“I have worked in a lot of membership environments, including golf and health and fitness. The UK consumer enjoys belonging to a club environment – in health and fitness members want that sense of belonging, while in golf they have a sense of ownership. It’s actually about managing that expectation with the commercial needs of the business.”

Attention to detail is important to Stephen’s approach. He comments that improving hospitality for guests is important for creating the social atmosphere needed to support the attraction of new groups, and encourage members to see the club as a destination rather than simply a clubhouse. “I have often said that if you get the coffee right you get the business right. For me, that is symbolic, as the chances are if we can get this part of our business right. I am flexible about the style of catering, but would like to broaden the range of facilities such as health and fitness.”

As EP goes to press Crown Golf will celebrate the launch of an 80-bedroom hotel at St Mellion, part of a £100-million investment programme. Part of the original vision was to host the English Open from this year, an event that was last held at Forest of Arden in 2002. Crown Golf’s commitment was £20 million, which Stephen confirms has been fully invested and spent on upgrading the facilities and putting in infrastructure for the development of 265 holiday homes. However, the property developer responsible for building the homes went into administration earlier this year, creating a difficult problem. Given that the homes were needed to provide essential accommodation required to host the English Open, the decision was made to postpone the event in 2011.Stephen reiterates that the business is fully committed to the 2011 event and has invested in the rights to do so. It’s a key tourism initiative, given the positioning of St Mellion as a golfing destination.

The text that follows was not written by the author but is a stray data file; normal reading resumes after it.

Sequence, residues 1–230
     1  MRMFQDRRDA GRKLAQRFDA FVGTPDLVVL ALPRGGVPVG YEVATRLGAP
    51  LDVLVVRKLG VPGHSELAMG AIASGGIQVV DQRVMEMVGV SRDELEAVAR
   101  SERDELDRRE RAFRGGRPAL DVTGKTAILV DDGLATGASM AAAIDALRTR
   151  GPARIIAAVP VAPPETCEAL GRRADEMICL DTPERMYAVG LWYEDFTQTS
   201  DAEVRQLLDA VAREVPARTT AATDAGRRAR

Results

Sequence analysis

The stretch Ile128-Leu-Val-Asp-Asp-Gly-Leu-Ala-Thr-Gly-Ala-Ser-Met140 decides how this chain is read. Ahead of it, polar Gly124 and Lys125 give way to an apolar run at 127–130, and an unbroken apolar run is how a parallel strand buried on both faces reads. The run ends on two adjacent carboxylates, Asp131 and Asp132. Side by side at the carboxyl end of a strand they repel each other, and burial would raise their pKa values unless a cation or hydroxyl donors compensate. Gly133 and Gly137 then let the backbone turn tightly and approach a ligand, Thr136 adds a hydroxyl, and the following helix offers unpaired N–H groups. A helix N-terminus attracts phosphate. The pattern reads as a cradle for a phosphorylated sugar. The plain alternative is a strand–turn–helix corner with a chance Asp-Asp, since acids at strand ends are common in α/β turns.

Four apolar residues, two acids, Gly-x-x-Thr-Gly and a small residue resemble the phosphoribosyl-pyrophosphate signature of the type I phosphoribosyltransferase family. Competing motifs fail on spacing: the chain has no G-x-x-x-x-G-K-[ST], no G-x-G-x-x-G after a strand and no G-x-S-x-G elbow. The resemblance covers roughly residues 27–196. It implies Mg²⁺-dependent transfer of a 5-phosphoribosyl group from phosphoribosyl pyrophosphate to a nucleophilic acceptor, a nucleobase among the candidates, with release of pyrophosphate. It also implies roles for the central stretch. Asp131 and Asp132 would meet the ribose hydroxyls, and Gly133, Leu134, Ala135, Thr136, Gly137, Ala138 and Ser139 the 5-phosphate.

“St Mellion is unusual in our portfolio in that it is a resort development. The real excitement has been  the level of support from the local community and its impact on the area. It is enabling us to develop a lifestyle concept.

“Since the problem arose, we have been able to rethink our strategy. We will see our part of the development through. In the end we were able to gain forfeiture of the lease from the housing developer and regain full control of the site, and are now in the process of speaking with new partners.

“Apart from everything else, it is very important to the people of Cornwall in terms of raising its profile, given that it does not host many international events. We are very committed to the English Open and supporting the heritage of St Mellion being part of the European Tour, as it has been in the past.”